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 / Summer 2010 / Issue 59(originally published by Booz & Company)


The Thought Leader Interview: Manfred F.R. Kets de Vries

When you finally become a CEO, you’re a symbol, with everybody in the organization looking at you. Your natural narcissism is combined with being in a top position, and before you know it, you live in a hall of mirrors. People always agree with you. You see what you want to see. It’s very difficult to resist becoming grandiose. And suddenly you’re finished. You lose the ability to realize your ambitions for the company.

Alexander the Great, for example, was somewhat of a participative manager in his early life. He got his key people — his “companions,” as they were known — very much involved in decision making. But as he entered his late 20s, he started to believe that he was a god. That was the end of his participative management period. Because he died so young, we will never really know how he would have ended up.

The Romans understood the danger of excessive narcissism. When a conquering general entered Rome in a chariot, by custom, there was often a slave behind him in the chariot, whispering in his ear, “You’re human, Caesar. You’re human, Caesar.” Of course, many of them didn’t take this lesson to heart.

It’s still very hard for senior executives to get frank feedback — or to welcome it. I worked with a corporate leader from the Caucasus who got a perfect score in his subordinates’ appraisals of him. They said he was a great manager. Then I found out that he had handed out the feedback forms to his subordinates with their names printed on them, and said, “Bring these back to my office.” This case may be extreme, but that’s the kind of feedback that many leaders get. There’s the famous scene in Joseph Heller’s Catch-22 where Lieutenant Scheisskopf says, “I’ll be grateful to the man who tells me the truth,” and then court-martials the one person who dares to speak up.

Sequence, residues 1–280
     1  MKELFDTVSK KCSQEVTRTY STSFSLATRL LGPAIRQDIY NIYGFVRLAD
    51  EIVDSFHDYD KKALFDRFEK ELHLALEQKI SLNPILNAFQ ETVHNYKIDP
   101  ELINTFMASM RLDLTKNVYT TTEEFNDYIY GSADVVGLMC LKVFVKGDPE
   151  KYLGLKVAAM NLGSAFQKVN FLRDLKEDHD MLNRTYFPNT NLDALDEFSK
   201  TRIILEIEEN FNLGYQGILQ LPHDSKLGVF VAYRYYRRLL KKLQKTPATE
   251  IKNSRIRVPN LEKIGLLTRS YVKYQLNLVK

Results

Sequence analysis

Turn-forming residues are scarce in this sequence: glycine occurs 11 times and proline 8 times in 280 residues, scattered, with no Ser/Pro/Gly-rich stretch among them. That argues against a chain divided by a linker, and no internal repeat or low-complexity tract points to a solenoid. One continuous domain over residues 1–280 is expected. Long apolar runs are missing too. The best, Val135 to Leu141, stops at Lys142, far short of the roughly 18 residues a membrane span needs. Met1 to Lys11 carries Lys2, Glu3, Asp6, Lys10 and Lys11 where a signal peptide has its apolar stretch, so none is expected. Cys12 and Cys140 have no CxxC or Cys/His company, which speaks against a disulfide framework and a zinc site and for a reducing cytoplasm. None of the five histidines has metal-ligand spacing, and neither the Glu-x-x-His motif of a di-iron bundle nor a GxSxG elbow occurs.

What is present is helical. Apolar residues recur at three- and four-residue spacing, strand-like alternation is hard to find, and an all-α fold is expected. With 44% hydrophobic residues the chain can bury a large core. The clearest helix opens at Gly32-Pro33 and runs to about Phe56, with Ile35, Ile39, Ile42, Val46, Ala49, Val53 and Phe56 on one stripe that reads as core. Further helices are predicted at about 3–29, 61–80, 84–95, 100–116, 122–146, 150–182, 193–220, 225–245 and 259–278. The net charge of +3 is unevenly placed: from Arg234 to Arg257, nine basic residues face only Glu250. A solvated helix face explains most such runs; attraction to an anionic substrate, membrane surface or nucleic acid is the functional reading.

Workplaces with Authenticity

S+B: Do all companies breed narcissism in this way?
No. Some companies are what I call “authentizotic,” meaning that people are attracted to work for them. They are the best places to work. [The word authentizotic is derived from the Greek authentikos, meaning authentic, and zotikos, meaning vital to life.] These organizations cultivate three major values. The first is a sense of meaning: People feel they do something substantial. For instance, Novo Nordisk, a Danish pharmaceutical manufacturer, is in the insulin business. People are not likely to go on strike there because they know what will happen to their customers. Another example is the National Australia Bank. It was originally a farmers’ bank, and senior executives in this company pride themselves that very few farmers went bankrupt during the recent financial crisis. They are in for the long haul.

The second value is a feeling of being a family. Take W.L. Gore, which is probably one of the most creative companies in America. The family ethos is very important in this firm. Richard Branson’s Virgin Group works the same way. He has gone to great lengths to maintain this family feeling. He used to say, “When there are more than 100 people in the building, split.”

Then there is the quality of fun, or enjoyment, in the work itself. There is a very close relationship between play and creativity. The amount of fun and enjoyment that exists in a workplace can reflect how diverse teams are, the role of women, and the way teams work. There is a strong relationship between diversity — in terms of gender, culture, age, and background — and creativity.

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